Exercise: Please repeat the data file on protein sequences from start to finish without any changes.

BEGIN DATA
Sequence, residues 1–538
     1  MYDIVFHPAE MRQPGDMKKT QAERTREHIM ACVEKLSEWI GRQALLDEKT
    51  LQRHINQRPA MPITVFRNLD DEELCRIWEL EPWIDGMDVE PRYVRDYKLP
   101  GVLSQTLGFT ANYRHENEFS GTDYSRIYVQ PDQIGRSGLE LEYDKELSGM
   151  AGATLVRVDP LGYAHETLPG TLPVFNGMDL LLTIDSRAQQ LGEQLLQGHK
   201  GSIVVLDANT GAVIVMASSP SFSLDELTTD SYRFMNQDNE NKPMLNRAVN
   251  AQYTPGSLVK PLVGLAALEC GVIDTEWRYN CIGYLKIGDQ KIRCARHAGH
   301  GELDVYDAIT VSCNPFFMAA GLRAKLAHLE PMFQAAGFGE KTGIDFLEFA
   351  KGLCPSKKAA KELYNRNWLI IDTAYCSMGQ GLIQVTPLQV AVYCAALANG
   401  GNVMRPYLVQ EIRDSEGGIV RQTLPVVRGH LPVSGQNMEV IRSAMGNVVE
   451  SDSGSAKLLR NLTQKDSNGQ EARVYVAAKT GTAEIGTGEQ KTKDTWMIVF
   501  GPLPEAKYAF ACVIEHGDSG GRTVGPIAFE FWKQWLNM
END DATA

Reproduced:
Sequence, residues 1–538
     1  MYDIVFHPAE MRQPGDMKKT QAERTREHIM ACVEKLSEWI GRQALLDEKT
    51  LQRHINQRPA MPITVFRNLD DEELCRIWEL EPWIDGMDVE PRYVRDYKLP
   101  GVLSQTLGFT ANYRHENEFS GTDYSRIYVQ PDQIGRSGLE LEYDKELSGM
   151  AGATLVRVDP LGYAHETLPG TLPVFNGMDL LLTIDSRAQQ LGEQLLQGHK
   201  GSIVVLDANT GAVIVMASSP SFSLDELTTD SYRFMNQDNE NKPMLNRAVN
   251  AQYTPGSLVK PLVGLAALEC GVIDTEWRYN CIGYLKIGDQ KIRCARHAGH
   301  GELDVYDAIT VSCNPFFMAA GLRAKLAHLE PMFQAAGFGE KTGIDFLEFA
   351  KGLCPSKKAA KELYNRNWLI IDTAYCSMGQ GLIQVTPLQV AVYCAALANG
   401  GNVMRPYLVQ EIRDSEGGIV RQTLPVVRGH LPVSGQNMEV IRSAMGNVVE
   451  SDSGSAKLLR NLTQKDSNGQ EARVYVAAKT GTAEIGTGEQ KTKDTWMIVF
   501  GPLPEAKYAF ACVIEHGDSG GRTVGPIAFE FWKQWLNM